Carters Lake Fishing Report – June 2009
Carters: Level: 0.3 feet above full pool. Temp: 70 degrees. Clarity: The lower end of the lake is clear; it’s a little stained on the north end.
Bass: Zack Foster reports, “May is always a great month for fishing, but it tends to taper off toward the end. I caught a lot of fish early in the month during the day, and that bite has really gone away. The best fishing became later in the evening and early in the morning. In the mornings, I like to throw something with some action like a fluke or crankbait. In the evenings, I like to slow it down some with a finesse worm with lighter slip sinkers like a 1/8-oz. The color is a big concern. The fish seem to change what they like from week to week in the summer. I start out with a watermelon red and work my way to a pumpkin-seed color. Staying close to the rocks is key for me in June. Up the river around the island and around Ridgeway Creek are great spots. Throw on the rocks, drag the Texas-rigged worm off and let it slowly drop to the next rock. The bass will ambush it, and you should put some nice spots in the boat in June.”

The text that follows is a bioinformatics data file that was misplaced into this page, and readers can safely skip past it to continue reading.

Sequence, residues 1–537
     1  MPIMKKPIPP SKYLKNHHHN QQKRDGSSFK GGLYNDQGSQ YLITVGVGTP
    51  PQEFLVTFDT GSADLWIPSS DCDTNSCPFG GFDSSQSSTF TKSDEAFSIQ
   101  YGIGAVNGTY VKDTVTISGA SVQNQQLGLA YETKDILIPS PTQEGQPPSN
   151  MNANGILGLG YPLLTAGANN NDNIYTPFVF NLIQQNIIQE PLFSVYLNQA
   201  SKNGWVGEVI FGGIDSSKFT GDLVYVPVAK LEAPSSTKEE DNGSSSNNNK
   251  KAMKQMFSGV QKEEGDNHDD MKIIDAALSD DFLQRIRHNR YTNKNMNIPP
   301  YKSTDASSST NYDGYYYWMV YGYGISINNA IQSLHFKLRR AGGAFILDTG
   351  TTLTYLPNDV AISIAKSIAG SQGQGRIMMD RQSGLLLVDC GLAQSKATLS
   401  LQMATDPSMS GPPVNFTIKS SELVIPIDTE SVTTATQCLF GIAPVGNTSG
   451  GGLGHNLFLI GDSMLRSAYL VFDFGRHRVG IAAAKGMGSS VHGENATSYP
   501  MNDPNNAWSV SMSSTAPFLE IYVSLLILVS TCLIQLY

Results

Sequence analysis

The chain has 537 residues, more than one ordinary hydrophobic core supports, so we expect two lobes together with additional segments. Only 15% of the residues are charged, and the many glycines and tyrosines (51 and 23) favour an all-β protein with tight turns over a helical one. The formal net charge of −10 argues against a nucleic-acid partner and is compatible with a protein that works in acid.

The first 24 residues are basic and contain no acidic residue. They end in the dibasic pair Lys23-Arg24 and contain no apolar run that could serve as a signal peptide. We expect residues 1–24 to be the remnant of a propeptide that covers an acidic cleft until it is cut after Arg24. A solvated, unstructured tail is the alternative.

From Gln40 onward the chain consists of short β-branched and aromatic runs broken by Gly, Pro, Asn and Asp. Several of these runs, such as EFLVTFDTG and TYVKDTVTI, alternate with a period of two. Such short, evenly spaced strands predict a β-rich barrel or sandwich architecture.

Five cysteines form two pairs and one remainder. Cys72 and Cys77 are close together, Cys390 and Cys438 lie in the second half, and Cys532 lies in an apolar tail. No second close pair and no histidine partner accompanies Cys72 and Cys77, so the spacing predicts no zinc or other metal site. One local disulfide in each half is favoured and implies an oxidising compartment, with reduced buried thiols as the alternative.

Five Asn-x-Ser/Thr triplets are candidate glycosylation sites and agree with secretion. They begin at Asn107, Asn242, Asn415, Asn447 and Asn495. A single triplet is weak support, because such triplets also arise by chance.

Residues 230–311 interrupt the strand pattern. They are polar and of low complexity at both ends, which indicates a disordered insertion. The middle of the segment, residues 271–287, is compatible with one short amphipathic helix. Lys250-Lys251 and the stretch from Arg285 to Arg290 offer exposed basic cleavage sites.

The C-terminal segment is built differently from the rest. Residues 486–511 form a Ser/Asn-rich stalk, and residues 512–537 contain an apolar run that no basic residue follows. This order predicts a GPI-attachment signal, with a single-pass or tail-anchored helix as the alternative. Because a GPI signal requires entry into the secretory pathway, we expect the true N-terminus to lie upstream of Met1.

Linesides: “I was over there last week and had three or four fish in the boat, and the best one was 16 pounds,” said guide Robert Eidson. “They’re back out of the rivers and ready to eat. They’re starting to set up on a summer pattern right now.” Robert will concentrate his fishing efforts using downlines on the main-lake humps down by the dam and at the mouths of Camp Creek, Harris Branch and Woodring. “These are great areas,” said Robert. “The key is 30 feet. There is also a real good topwater bite all the way in the back of Woodring and at the boat ramp at Doll Mountain right at sun-up.” Robert has been throwing a 4-inch X-caliber crankbait with a white feather on the rear hook for this early morning bite. “They destroy it,” he said. “Also, don’t overlook the pumpback. Right now they’re not pumping back because the lake is above full pool, but when they start pumping back, those threadfin are going to start running the rip-rap at the dam. Those stripers are going to be right there with them.” For downlines, Robert is using gizzard shad. “You can go between the “No House Boat” sign and the shoals, throw your cast net and get all the gizzard shad you want right now. Bait is really easy to get up there.” Robert added that you can pick up some fish pulling U-rigs 145 feet behind the boat at 3.1 mph. He uses the Mack Farr U-rig with nine, 1/2-oz. baits.
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